Both Howard University medical graduates, the Joneses didn’t start out in the profession. They met teaching at Richmond’s Baker School and married in 1888. After the city barred African-
American men from teaching public school, Miles first went into banking. After Sarah graduated from medical school in 1893 she opened Richmond Hospital at 406 E. Baker St. She became the first black female physician to pass the Virginia Board of Medicine and helped Miles through medical school. The couple was active in church and civic life in Jackson Ward and helped organize the Medical and Chirurgical Society of Richmond.
William Hunter ‘Bill’ Goodwin Jr. and Beverly Wilkes ‘Booty’ Armstrong
These two longtime business partners influenced the city and region’s development. Armstrong and Goodwin sold AMF Worldwide Bowling Centers in 1996 for $1.3 billion; with the proceeds they started several charitable foundations. Armstrong served with Richmond Renaissance and the Virginia Performing Arts Foundation that altered downtown with the Richmond Convention Center and what grew into Richmond CenterStage; he also led a $300 million modernization of the passenger terminal at Richmond International Airport, and was working on this project when he died in 2011. Goodwin, now retired, was a major force in creating an engineering school at Virginia Commonwealth University, and his Riverstone Group LLC bought multiple properties for development downtown and in Midlothian and Henrico.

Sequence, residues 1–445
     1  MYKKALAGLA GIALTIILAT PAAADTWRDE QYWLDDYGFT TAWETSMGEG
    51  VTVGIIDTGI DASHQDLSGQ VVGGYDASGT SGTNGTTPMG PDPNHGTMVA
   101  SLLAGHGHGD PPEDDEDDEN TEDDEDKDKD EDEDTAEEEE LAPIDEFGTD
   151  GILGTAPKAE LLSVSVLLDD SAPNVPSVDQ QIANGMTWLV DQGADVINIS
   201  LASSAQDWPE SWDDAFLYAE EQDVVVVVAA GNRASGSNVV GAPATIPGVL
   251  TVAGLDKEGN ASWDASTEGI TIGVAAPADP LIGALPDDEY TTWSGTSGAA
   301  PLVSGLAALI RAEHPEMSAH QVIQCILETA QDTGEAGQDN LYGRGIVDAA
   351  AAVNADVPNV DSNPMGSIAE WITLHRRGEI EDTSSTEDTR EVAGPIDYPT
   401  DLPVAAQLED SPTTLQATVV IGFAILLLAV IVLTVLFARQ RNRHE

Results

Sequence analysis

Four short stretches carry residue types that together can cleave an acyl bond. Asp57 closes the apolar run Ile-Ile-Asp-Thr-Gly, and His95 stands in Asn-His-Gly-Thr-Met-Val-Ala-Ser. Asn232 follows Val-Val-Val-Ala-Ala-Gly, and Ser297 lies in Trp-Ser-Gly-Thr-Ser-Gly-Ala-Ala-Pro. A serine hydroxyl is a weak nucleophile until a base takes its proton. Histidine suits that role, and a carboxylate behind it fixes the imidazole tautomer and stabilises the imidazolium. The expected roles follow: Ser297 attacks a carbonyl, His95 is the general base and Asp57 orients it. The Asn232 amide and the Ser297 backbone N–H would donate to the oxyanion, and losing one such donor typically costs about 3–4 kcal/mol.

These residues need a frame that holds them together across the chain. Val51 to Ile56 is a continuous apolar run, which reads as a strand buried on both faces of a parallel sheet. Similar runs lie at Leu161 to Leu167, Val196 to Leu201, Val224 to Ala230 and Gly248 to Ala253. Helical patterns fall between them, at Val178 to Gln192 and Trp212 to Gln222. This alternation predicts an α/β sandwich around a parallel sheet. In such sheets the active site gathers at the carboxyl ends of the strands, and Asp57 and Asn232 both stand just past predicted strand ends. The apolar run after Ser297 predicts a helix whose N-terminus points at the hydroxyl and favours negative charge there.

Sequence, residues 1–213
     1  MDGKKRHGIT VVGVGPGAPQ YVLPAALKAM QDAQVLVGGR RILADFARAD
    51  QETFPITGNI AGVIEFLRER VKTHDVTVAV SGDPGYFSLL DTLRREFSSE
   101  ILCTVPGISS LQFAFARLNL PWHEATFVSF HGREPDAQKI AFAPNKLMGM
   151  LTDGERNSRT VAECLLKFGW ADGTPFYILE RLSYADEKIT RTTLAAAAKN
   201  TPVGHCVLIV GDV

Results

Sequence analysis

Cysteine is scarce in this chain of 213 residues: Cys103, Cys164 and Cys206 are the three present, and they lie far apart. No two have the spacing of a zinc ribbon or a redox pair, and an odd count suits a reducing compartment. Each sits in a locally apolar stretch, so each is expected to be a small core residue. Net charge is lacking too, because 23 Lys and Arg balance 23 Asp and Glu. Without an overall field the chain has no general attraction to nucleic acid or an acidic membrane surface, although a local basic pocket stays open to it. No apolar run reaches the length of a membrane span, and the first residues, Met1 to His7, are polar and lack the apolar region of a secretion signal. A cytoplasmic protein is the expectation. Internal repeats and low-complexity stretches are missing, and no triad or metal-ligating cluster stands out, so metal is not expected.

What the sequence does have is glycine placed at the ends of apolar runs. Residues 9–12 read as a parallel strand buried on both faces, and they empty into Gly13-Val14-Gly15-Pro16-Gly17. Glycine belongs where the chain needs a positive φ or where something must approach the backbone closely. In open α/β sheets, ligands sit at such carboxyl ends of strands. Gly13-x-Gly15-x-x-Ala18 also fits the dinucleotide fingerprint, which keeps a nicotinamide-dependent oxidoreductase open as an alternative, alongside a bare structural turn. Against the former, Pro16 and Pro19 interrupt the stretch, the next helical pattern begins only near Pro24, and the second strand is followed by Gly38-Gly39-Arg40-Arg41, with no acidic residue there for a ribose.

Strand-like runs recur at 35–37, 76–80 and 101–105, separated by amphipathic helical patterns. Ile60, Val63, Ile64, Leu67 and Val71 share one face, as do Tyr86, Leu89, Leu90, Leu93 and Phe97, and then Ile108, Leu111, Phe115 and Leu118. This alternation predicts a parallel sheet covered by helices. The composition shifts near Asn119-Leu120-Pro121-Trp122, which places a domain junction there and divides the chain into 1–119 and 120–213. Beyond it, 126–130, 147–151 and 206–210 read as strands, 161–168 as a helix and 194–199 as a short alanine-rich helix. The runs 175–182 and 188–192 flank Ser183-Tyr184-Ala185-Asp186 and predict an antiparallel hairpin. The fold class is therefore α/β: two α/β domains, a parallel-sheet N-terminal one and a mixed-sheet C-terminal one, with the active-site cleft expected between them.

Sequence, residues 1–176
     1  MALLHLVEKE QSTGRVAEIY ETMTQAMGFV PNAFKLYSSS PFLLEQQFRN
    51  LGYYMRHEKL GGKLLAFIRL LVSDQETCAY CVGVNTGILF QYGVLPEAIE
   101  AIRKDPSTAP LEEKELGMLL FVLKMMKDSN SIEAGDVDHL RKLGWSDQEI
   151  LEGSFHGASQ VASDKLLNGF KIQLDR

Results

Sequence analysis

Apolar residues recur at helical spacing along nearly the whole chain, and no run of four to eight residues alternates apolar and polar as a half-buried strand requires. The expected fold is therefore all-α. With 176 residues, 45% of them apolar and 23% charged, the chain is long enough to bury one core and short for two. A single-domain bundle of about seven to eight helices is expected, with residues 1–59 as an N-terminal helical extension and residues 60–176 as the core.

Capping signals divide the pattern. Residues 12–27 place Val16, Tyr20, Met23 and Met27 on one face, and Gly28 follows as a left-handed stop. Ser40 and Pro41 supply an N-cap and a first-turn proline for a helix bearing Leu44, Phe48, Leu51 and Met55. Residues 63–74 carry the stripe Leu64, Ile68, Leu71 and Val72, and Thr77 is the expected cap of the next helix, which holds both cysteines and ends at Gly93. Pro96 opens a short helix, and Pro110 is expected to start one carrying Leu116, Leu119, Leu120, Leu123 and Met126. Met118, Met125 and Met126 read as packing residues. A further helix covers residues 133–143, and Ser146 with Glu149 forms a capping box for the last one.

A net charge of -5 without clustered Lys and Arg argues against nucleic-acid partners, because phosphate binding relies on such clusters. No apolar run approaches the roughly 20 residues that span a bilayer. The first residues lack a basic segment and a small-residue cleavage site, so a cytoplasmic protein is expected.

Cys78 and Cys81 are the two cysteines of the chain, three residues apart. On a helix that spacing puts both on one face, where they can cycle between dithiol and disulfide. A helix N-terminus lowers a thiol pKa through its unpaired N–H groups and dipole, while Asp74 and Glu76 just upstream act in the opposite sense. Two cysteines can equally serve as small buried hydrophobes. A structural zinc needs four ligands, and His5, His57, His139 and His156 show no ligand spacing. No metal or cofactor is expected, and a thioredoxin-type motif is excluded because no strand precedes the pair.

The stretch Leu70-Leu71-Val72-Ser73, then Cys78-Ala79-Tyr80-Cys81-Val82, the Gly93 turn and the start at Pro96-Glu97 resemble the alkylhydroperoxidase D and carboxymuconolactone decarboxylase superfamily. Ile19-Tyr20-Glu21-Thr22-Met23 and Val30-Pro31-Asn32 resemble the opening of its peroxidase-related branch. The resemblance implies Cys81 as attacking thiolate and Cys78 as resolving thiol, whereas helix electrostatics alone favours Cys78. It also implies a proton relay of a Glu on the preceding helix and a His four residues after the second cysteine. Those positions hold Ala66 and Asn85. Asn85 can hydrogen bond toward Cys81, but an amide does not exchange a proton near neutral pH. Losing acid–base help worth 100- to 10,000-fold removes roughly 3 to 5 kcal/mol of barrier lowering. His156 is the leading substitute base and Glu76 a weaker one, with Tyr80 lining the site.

Sallie May and James Dooley (Image courtesy Maymont Mansion Collection)
James and Sallie May Dooley
The Dooley estate of Maymont is testimony to the couple’s enduring affection for each other and their community. James made his fortune through railroads and real estate. In 1886 the couple purchased the dairy farm they transformed into Maymont, which included a mansion where they enjoyed hosting sumptuous affairs. Left as a gift to the people of Richmond after the death of the Dooleys, Maymont opened as a public park and museum in 1926. Though owned by the city, the 100-acre park is managed and maintained by the nonprofit Maymont Foundation. The Dooley tomb stands near their mansion.
Tiffany Jana and Matt Freeman (Photo courtesy Tiffany Jana)
Matt Freeman and Tiffany Jana